Workers expect their defined contribution plans to play a greater role in their retirement income than annuities.
May 15--More than three years after the body of former NBA player Lorenzen Wright was found in a wooded area of southeast Memphis, his ex-wife on Thursday agreed to a confidential settlement in a dispute over how she spent $1 million in insurance meant to benefit their six children.
In a marble hallway outside Circuit Court, Sherra Robinson, 43, said the agreement means the family will be able to move forward "the way Lorenzen would have wanted us to."
"It's time for healing," she said. Memphis attorney Darryl Gresham, the court-appointed guardian for the five minor children, said the settlement ends the legal action in that court "and any other court."
Earlier Thursday, before the settlement was made, Robinson was tearful on the third floor of the courthouse as she hugged Lisa Wright, who is married to Herb Wright, Lorenzen's father.
Herb Wright petitioned the court to remove Robinson as the trustee of the children's funds. Robinson's expenditures were "unreasonable and excessive," his attorney, Ruby Wharton, said in a court filing.
Wright talked and smiled with Robinson outside the courtroom before the settlement was presented to Judge Karen Williams. After, he declined to comment, citing the confidentiality of the agreement. "It's a good day," said Lisa Wright. "It's one of the best days of our lives."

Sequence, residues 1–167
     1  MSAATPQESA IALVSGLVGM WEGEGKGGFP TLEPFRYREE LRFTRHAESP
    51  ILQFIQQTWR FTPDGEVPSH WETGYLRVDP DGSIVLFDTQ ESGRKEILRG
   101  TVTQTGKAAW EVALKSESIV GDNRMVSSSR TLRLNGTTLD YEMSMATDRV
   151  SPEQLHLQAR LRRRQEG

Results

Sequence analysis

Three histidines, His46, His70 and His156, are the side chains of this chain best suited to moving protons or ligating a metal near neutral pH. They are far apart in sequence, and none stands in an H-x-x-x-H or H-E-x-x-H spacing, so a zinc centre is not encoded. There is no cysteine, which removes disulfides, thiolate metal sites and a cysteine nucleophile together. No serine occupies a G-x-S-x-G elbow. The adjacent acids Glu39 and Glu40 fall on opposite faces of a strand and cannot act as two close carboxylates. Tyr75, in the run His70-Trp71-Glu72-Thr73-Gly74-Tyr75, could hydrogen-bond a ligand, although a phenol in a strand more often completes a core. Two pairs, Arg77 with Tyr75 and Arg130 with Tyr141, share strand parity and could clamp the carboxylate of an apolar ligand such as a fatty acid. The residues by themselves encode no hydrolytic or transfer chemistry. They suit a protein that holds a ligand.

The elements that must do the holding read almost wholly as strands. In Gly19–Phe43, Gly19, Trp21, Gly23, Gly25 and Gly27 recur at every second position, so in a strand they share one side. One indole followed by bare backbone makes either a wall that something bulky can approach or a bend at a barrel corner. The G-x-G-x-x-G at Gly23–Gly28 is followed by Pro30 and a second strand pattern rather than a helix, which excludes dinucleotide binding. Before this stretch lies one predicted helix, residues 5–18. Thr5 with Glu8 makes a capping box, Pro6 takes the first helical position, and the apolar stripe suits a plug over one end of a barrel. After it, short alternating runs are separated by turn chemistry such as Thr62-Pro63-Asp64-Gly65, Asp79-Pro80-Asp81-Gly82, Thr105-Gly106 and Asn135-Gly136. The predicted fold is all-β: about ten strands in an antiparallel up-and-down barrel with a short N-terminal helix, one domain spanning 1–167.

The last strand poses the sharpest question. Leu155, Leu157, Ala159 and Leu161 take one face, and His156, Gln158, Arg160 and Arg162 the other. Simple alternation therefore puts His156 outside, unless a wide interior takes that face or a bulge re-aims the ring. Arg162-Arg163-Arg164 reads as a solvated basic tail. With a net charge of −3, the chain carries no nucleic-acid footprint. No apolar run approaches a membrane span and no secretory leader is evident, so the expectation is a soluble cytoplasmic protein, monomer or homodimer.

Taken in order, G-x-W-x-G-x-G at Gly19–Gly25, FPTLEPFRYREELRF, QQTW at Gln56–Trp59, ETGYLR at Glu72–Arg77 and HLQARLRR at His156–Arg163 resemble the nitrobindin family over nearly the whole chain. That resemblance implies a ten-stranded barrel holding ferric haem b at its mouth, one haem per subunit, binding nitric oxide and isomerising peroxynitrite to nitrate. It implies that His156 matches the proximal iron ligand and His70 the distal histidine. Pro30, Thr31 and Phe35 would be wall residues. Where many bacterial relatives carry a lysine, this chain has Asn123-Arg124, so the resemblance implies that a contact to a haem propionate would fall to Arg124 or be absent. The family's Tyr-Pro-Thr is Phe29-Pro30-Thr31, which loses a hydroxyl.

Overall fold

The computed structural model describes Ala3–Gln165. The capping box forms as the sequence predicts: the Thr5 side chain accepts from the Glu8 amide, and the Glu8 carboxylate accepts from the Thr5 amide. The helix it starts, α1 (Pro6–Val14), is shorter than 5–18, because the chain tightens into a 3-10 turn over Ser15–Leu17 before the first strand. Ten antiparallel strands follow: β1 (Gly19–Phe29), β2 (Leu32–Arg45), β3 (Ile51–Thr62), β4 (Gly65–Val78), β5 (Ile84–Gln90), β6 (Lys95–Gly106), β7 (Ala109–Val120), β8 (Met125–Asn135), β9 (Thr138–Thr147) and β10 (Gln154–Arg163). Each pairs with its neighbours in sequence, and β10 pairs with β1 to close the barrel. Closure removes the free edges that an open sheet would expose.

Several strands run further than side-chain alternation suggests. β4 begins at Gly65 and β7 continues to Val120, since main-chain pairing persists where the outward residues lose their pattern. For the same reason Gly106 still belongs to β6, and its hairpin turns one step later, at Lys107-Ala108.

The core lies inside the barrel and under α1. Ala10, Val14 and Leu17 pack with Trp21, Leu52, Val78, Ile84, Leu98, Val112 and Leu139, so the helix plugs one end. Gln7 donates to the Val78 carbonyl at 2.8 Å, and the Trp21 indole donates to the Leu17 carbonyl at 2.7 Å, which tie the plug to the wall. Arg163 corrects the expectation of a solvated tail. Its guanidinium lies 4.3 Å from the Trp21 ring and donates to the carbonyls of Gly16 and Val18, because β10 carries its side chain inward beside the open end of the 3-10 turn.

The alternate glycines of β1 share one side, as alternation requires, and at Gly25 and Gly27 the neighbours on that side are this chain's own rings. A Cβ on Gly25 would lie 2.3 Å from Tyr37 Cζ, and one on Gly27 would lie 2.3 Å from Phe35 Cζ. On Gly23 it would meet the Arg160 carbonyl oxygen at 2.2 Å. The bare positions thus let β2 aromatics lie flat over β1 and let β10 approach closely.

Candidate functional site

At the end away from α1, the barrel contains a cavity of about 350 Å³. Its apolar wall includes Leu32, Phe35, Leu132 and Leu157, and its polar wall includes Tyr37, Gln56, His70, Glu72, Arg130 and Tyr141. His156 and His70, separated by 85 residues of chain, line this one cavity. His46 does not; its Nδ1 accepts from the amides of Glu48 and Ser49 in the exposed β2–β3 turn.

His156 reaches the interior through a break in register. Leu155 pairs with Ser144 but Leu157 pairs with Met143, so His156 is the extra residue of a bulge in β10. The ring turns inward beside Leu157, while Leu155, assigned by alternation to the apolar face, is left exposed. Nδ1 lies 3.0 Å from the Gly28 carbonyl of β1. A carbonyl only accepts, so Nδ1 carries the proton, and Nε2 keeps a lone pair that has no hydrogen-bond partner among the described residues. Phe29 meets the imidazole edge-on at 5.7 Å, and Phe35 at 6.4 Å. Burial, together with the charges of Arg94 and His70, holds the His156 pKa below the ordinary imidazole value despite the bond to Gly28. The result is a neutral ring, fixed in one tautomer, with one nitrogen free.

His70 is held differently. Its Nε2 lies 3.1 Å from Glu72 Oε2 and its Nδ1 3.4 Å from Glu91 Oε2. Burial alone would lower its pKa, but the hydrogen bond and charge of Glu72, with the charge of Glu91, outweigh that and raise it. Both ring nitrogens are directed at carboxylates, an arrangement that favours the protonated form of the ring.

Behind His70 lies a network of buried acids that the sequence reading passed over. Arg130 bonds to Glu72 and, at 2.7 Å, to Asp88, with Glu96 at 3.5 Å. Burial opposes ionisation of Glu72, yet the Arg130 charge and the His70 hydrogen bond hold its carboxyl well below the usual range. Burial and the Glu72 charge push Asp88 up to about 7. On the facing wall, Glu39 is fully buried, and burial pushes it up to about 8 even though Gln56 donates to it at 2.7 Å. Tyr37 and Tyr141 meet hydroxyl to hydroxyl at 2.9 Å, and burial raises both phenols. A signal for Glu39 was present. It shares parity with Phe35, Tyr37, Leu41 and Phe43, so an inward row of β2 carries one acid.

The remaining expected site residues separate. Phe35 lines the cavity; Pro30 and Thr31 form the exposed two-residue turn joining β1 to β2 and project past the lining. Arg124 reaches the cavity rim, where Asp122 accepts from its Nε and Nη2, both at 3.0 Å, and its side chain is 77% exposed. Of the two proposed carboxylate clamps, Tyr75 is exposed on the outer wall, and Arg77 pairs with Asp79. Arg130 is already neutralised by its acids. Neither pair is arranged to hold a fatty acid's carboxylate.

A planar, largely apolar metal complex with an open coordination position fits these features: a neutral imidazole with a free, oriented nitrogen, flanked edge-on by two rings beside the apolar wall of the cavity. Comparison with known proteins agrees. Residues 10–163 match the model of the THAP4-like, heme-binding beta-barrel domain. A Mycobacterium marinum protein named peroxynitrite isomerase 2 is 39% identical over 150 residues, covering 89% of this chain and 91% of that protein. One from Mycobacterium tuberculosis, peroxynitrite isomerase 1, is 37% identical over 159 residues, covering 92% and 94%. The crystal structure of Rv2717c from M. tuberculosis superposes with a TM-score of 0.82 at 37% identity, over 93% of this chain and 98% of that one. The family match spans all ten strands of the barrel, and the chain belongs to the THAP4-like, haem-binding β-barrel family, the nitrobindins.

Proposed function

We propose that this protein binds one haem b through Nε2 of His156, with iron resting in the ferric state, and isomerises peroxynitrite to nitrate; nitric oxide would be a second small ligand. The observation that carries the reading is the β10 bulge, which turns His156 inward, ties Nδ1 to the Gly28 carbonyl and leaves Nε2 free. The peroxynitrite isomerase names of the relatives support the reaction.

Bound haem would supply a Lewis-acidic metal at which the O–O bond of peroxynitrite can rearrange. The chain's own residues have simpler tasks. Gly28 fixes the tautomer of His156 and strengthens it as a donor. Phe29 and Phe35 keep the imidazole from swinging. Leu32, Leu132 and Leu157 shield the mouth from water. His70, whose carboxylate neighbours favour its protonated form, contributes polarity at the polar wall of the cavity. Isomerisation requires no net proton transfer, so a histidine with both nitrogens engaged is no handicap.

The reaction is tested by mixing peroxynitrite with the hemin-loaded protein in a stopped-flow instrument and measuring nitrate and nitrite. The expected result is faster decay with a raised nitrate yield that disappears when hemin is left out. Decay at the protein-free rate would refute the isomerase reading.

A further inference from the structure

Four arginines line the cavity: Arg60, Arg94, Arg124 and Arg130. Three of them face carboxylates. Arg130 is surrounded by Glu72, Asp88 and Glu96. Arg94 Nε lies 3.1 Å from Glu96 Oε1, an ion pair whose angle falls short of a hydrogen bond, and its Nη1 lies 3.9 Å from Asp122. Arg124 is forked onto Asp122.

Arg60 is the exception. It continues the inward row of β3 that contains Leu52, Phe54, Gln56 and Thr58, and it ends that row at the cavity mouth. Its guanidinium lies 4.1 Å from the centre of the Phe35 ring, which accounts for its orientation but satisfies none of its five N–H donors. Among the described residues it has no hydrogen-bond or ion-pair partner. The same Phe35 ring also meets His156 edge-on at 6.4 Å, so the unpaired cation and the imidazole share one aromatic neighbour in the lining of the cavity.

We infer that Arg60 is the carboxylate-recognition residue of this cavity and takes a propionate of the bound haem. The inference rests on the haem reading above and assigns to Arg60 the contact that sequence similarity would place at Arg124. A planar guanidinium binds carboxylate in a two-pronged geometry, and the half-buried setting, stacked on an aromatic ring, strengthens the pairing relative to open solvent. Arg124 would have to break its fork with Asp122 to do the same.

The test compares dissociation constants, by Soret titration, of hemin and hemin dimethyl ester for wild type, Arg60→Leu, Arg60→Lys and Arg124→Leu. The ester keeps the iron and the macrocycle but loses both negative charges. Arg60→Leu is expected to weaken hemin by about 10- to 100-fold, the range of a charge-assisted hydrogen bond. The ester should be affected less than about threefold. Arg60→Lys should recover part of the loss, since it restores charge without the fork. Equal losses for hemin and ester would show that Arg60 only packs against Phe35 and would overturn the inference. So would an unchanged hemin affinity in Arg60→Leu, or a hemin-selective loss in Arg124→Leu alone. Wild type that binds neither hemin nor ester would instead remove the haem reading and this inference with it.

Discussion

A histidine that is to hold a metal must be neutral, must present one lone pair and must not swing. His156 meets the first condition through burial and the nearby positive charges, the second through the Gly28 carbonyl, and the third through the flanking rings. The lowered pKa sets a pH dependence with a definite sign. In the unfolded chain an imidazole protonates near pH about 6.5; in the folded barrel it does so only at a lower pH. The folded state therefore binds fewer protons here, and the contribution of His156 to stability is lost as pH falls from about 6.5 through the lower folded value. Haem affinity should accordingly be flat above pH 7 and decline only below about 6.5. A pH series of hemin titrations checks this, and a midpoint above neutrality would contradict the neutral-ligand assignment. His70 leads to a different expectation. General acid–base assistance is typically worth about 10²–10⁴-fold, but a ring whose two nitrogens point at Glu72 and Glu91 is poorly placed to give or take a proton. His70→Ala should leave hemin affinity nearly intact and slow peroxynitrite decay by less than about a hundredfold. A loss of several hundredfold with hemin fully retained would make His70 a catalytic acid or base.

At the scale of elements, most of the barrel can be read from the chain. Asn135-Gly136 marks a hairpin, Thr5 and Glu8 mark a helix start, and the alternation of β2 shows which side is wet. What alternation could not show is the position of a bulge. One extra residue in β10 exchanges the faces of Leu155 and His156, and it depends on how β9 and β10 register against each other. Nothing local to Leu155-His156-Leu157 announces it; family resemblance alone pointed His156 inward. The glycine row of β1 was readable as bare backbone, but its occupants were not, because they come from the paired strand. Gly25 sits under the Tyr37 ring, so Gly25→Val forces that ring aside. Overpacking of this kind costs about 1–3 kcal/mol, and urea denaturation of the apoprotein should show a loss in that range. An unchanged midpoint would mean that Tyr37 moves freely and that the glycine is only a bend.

The killing of Lorenzen Wright, who played with the University of Memphis Tigers and the Memphis Grizzlies over the course of his career, remains unsolved.
"We're always hopeful that one day we'll have answers," Robinson said.
A dispatcher in Germantown received a 911 call from the former player's cell phone on July 19, 2010. A male voice said a garbled curse before gunshots were heard. The phone went dead, and no one answered when the dispatcher dialed the number. Wright's body was found nine days later in a wooded area.
On Wednesday, Wharton asked Robinson why she wrote herself checks and paid taxes, insurance and credit-card bills from a trust set up in 2011 for the children.
Robinson admitted that in February the trust's Wells Fargo Bank account was down to $5 and a nickel. However, her attorney, Christopher Donovan, argued that she has more than $950,000 in real estate that belongs to the trust -- including the family's Eads, Tennessee, home and a lake-front house in Greers Ferry, Arkansas.
Robinson said she needed about $96,000 a year to run her household in 2011, but she only made about $17,500 from babysitting and got $60,000 from Social Security. She said her expenses fluctuated in 2012.
"You were running a deficit," Wharton said. "We just went through that. How is it that you had money to purchase items, ma'am, anything that you say was for the benefit of the children, if you didn't have enough money to even meet your household expenses? Can you help me out on that?"
"We used trust funds," Robinson said.
Robinson said the withdrawals were made in cash to spend on the children. She said she could not write checks because Lorenzen Wright had bounced too many.
"I paid for lots of things with cash, because there were a lot of people who wouldn't even accept checks because there were things that had happened prior," she said. "I don't know if we should use the term paying myself, or I don't think that's a good term to use."
"You used that, though, didn't you?" Wharton said.
"That may not have been a good term to use," Robinson said.
Staff writer Beth Warren contributed to this report.
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